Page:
1. On the 8th February 1882 a document described as testamentary was executed in favor of Narayanasami Mudali by Unnamalai Animal the widow of Pachayappa Mudali the adopted son of Kondappa at the date of the execution, and at the time of Unnamalai's death a few days later, there was living one of her two sons who had survived her husband's death. It is found by the District Judge that this son Thoppai by name though not congenitally insane was insane when his father died in 1868 and continued to be so afterwards. It is also found by the District Munsif that Vaithinada the next reversioner entitled to the property of the family after the widow's death, it being assumed that she took a widow's estate, consented to the execution of the document.
2. On these facts two questions arise, viz., first, whether Thoppai on account of his insanity was incapable of possessing the ordinary rights of a member of a, Hindu family, and secondly on the assumption that the first question is answered in the affirmative whether Unnamalai, having a widow's estate only, did effectually convey the property to the plaintiff by the instrument above-mentioned. With regard to this latter question, it was argued for the defendant that although the widow might with the next reversioner's consent have alienated the property by a conveyance, inter vivos, she could not do so by will and it was contended that the document was in truth what it purported to be, a will. In this contention we think the defendant is right. The document is in substance as well as in name a will and it has been treated as such by the parties throughout this litigation. It was not the widow's intention that the grant should take effect immediately and the whole estate should be at once vested in the grantee. This being so, the case is governed by the decision of the Judicial Committee in Behari Lai v. Madho Lal Ahir Gayawal I. L. R 19 C 238 and we must hold that the plaintiff has failed to establish his title. We observe that this point does not seem to have been taken in the courts below and although in the grounds of appeal to the District Judge exception was taken to the finding of the District Munsif with regard to Vaithinada's alleged consent, that ground of appeal does not seem to have been argued. The main point to which the attention of the District Judge was called was the insanity of Thoppai and the question of fact and law connected therewith. On the question of law assuming the facts to be as above-stated we think the District Judge was right in the conclusion at which he arrived. We agree with the opinion of the High Court of Bengal that a consideration of the texts shows that it is not necessary that madness should be congenital to disqualify a person for inheritance, Bam Sahye Bhukkut v. Lalla Laljee Sahye I. L. R 8 C 153 No case to the contrary was cited to us in which the point actually arose for decision.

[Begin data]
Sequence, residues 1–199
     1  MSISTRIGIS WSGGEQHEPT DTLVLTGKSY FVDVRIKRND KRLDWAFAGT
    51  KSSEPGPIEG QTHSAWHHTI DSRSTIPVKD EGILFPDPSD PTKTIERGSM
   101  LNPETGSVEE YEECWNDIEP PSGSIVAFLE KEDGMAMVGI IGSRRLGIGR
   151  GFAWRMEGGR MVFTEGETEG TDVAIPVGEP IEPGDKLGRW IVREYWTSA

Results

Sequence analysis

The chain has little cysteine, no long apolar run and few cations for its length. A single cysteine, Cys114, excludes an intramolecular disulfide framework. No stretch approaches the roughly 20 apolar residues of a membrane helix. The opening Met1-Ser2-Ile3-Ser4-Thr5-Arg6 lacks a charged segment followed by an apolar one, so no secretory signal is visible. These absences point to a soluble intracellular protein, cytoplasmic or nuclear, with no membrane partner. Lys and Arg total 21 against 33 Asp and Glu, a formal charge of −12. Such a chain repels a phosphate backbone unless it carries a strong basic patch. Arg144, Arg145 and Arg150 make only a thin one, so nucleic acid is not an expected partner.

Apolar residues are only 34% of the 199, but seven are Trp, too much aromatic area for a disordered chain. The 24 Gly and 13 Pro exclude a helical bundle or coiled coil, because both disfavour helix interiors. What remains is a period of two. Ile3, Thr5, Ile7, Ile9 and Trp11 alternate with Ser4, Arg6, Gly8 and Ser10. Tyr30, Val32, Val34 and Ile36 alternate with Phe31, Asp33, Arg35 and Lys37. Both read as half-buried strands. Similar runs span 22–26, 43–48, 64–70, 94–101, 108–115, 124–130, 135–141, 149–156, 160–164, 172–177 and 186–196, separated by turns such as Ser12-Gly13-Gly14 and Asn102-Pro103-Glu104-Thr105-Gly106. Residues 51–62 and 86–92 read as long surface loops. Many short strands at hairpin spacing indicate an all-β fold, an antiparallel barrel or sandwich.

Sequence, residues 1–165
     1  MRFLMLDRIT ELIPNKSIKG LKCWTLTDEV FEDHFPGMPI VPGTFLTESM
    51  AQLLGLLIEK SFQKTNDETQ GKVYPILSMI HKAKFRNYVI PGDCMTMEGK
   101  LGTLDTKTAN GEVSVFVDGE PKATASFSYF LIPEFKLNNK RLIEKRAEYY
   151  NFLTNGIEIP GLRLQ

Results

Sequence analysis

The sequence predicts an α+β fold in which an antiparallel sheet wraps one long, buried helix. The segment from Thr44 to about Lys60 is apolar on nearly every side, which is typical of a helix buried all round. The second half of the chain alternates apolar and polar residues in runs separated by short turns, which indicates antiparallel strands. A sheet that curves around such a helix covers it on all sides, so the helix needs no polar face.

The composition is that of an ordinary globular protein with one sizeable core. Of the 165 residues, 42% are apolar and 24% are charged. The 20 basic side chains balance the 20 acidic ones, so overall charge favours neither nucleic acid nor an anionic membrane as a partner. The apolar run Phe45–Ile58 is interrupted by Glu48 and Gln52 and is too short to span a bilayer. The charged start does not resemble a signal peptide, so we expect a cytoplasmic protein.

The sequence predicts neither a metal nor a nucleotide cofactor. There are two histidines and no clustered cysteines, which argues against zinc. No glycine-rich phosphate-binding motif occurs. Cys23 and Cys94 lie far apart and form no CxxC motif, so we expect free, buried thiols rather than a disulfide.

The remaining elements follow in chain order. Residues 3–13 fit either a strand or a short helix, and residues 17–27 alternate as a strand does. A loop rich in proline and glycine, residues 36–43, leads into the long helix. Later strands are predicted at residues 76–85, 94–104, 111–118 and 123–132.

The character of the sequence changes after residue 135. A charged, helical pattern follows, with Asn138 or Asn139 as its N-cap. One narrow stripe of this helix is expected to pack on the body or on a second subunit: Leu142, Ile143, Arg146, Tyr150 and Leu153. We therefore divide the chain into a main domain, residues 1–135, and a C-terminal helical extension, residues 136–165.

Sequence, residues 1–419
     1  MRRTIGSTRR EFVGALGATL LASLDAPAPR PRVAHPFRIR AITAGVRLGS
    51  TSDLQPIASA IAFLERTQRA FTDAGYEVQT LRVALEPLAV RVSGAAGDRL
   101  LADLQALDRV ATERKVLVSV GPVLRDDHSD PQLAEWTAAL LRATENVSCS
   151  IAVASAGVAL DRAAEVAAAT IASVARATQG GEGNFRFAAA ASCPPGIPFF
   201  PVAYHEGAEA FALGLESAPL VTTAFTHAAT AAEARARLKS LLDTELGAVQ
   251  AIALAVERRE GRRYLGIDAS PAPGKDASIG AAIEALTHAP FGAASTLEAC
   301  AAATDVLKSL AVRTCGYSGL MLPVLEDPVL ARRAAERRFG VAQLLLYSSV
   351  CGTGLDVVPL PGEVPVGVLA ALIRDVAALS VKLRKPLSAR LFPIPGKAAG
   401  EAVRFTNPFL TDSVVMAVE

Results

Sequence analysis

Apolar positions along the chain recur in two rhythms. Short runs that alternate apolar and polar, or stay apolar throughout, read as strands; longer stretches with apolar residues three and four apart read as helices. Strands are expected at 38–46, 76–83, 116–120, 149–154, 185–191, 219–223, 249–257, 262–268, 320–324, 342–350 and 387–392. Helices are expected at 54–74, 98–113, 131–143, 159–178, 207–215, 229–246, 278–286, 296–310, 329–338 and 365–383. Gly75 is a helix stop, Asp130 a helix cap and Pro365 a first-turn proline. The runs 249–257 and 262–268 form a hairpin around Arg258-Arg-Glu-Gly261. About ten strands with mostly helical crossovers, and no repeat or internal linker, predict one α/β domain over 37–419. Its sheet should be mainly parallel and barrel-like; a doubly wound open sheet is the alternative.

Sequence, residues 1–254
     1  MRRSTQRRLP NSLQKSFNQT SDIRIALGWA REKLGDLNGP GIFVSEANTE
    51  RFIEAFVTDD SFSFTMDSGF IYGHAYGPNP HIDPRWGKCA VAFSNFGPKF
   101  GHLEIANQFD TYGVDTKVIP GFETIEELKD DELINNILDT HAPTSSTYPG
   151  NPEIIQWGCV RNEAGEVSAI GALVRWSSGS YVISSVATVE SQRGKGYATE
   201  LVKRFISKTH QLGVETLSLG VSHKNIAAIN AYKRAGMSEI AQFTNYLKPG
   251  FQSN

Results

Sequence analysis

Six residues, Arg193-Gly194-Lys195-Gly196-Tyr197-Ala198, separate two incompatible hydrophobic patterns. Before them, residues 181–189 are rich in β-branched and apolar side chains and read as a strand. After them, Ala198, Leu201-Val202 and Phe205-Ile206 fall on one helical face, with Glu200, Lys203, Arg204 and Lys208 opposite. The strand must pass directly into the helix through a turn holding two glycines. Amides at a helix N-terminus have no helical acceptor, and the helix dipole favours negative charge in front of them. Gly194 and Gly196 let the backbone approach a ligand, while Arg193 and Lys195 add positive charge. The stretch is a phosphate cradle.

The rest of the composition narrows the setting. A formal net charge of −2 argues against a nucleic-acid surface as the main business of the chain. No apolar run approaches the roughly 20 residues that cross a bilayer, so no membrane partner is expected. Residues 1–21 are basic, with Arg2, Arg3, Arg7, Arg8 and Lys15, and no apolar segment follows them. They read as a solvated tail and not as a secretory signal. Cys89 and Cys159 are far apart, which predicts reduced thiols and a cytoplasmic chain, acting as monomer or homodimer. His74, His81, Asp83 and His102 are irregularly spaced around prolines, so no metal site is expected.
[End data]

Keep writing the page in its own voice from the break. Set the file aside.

3. In the Bombay case it was blindness and not insanity that was in question and the opinion of the court expressed with regard to madness was clearly influenced by the reading of Narada given in Jagannatha's digest. See Murarji Gokuldas v. Parvatibai I. L. R 1 B 182 which reading Professor Jolly has shown to be incorrect, Tagore Lectures, 1883, p. 275. Since we are of opinion that the alienation by the widow did not pass a valid title to the plaintiff we must allow the appeal and reverse the decrees of the courts below. But as the defendant has not succeeded on the point mainly relied on in the Lower Court, we leave each party to bear his own costs. The costs of the second appeal must be paid by the plaintiff.